My data set consists of the last five presidents state of the union addresses, George H.W. Bush, Bill Clinton, George W. Bush, Barack Obama and Donald Trump. We have two democratic presidents and three republican. I ran my data set through R studio and used style to see what Id get. What I got first was a cluster analysis because thats what I asked the stylo package for, under  features MFW was at 100 for min and max and in 100 increments.  The cluster analysis came back with some interesting results. More or less the texts were similar according to the president, and they stayed in their own little groupings. However the Barack Obama’s 2009 and 2010 state of the union addresses and Bill Clinton’s 1993 and George H.W. Bush’s addresses are shown pretty close to each other.  Obama’s 2009 and 2010 addresses are more similar to  Bill Clinton’s 1993 and George H.W. Bush’s 1992 addresses than they are to Obama’s other state of the union speech. I fact Barack’s  next two addresses 2011 and 2012 are  the least similar to any of his other addresses. While his state of the union addresses he makes between 2013-2016 have the most in common.

Another interesting thing to note is that the cluster analysis has two big groups. one is mostly all Bill Clinton and Barack Obama with the exception of the two texts, Clinton’s 1993 and Bush’s 1992 addresses. The other is all George H.W. Bush, GeorgeW. Bush and Donald Trump. The two groups looked to be split up amongst republicans and democrats. The two texts that have the least in common are Obama’s 2010 address and W. Bush’s 2001 address. Both speeches  were their first addresses to a joint session of congress, these are considered their unofficial first term state of the union addresses. Looking at Bush’s 2001 speech it starts off with a message of hope for America , while Obama’s speech is centered around recovery from the 2008 recession and getting the economy back on track. Something else that is interesting is that Bush’s 2002 addresses given only a couple months after 9/11 is closest to Trump’s first state of the union address in 2017.

Next I did boot strap consensus analysis on stylo. The parameters were 1000 MFW at 100 word increments. It funny because nothing changed when I changed the MFW from 100 to 1000 or from 1000 to 1500. When i increased it to 2000 MFW the only change that happened was that Clinton’s 1994 and 1995, and Obama’s 2011 and 2012 addresses moved from the right side to the left side, but they were still branched off together.

This bootstrap consensus tree what what looked like 3 to 4 major branches with most of them being mostly the addresses of one or two presidents.  One branch was all George W. Bush and Donald Trump. Another branch was a mix of Obama’s 2009/2010 , Clinton’s 1993, George H.W. Bush’s 1992, and Bush’s 2001 address.  In the boot strap consensus Bush’s 2001 address was not as dissimilar to Obama’s 2009 address. The farthest texts from each other were instead Clinton’s 1998 speech and Bush’s 2003 speech . Clinton’s address in 1998 is his first state of the union while Bush’s is his third state of the union.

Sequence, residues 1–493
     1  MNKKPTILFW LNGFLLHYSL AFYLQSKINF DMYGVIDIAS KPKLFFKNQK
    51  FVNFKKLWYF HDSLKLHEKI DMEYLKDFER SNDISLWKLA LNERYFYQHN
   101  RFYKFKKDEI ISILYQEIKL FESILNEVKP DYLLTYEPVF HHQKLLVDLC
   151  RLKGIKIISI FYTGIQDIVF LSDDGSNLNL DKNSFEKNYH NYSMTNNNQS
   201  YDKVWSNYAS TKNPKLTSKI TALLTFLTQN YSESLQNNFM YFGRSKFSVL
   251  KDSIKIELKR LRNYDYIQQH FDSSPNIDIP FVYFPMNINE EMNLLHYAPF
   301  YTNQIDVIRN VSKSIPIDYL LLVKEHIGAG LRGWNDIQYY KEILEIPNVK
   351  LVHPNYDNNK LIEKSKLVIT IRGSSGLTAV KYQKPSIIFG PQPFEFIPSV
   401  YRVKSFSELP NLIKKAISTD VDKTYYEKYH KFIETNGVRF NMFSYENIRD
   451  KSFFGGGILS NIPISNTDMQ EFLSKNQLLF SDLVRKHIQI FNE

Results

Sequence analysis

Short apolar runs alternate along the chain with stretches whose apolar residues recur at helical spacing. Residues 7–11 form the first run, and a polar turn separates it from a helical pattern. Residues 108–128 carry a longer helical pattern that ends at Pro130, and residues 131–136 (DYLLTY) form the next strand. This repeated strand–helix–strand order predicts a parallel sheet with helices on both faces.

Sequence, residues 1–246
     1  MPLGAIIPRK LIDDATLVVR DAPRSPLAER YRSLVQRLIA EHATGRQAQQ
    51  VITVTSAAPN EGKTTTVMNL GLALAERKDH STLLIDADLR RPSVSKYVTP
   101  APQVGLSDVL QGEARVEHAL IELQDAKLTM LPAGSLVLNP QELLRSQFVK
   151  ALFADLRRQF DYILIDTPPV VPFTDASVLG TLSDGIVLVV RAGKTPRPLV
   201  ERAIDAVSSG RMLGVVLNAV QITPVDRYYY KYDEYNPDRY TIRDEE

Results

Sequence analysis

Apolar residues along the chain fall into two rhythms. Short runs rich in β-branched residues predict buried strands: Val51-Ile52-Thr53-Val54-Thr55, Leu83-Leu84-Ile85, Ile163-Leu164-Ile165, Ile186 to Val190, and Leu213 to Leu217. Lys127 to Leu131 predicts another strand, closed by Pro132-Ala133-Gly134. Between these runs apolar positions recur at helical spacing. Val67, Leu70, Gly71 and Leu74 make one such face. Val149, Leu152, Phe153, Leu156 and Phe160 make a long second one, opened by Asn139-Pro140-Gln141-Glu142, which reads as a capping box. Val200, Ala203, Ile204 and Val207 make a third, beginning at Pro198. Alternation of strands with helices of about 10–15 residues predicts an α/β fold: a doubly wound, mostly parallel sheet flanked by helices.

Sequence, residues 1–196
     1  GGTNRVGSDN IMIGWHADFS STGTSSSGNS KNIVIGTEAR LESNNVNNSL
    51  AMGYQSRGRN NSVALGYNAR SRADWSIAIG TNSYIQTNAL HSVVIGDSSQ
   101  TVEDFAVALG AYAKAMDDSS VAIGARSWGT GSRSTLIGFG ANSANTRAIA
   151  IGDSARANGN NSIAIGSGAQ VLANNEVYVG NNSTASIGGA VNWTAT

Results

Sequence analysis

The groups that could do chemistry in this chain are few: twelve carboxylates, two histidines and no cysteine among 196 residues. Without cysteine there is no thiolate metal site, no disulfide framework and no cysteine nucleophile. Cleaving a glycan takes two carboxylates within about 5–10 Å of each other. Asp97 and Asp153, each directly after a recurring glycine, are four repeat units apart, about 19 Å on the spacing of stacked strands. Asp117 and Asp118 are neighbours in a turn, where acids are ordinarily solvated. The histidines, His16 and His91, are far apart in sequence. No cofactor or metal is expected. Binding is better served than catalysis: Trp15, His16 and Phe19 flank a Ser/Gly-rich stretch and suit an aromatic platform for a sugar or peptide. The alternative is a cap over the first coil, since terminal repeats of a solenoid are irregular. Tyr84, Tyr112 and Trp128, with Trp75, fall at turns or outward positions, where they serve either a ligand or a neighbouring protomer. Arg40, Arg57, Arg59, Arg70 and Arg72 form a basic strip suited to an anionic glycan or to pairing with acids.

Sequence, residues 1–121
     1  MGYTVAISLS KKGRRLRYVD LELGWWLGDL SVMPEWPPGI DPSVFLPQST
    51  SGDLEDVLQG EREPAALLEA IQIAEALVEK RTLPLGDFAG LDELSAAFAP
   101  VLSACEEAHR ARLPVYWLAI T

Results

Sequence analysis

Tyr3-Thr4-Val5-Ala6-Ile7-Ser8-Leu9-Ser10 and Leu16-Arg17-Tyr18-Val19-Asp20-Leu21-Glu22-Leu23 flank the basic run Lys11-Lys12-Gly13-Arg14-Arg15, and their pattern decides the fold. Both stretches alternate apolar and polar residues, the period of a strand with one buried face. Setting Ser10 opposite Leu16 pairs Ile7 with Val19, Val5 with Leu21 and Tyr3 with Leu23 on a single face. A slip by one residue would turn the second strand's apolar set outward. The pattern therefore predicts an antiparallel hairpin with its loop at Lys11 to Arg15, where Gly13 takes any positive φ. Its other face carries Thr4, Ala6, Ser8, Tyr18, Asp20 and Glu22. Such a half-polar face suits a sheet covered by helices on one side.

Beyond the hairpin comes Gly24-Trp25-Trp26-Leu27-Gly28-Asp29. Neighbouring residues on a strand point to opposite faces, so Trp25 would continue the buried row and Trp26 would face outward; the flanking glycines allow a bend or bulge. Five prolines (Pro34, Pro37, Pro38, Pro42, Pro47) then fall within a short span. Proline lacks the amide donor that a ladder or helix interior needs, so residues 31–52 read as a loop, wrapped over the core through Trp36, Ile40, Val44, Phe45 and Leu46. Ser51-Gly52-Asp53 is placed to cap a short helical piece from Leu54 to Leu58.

Mostly that stayed the same in both the cluster analysis and the boot strap consensus were the Obama’s 2009/2010 , H.W. Bush’s 1992 and Clinton’s 1993 addresses staying close to each other.  Obama’s 2009/2010 are his first and second state of the union’s , H.W. Bush’s is his fourth and last address and Clinton’s is his first address. I have a feeling that the similarities between these texts could potentially come from the topic of the economy.  That would also explain why Bush’s 2001 branch is close to these 4 texts.  However this makes me wonder again why the 2001 and 2009 addresses are so far from each other in the cluster analysis chart.

The other branches contain Clinton and Obama close to each other and Trump and Bush close to each other. George H.W. Bush’s addresses branch off not to far away from Bill Clinton’s and Barack Obama’s  but they are not as close to Trump and Bush as they are shown in the cluster analysis.

Overall some things stayed the same and same things moved around from cluster analysis to bootstrap consensus. For me it was useful to look at both because they helped in to see patterns in topics talked about.




One Reply to “Stylo”

  1. I think this is an interesting data set. I’d be curious to see how the role of different speechwriters plays an effect, since the SOTUs are heavily “scripted” (as an aside, looking at transcripts of presidents’ unrehearsed comments would also be illuminating).

    I think our assumption would be that presidents should cluster together based on their party, but do you have any sense of what other “signals” might be impacting the clustering? Like why is Bush 1992 mixed with the Obamas?

    I’m actually not sure how many speechwriters the presidents had, but the difference between cluster analysis and bootstrap trees *may* be the difference between the MFW authorial style and the more political topical words that would start appearing after 100 MFW?

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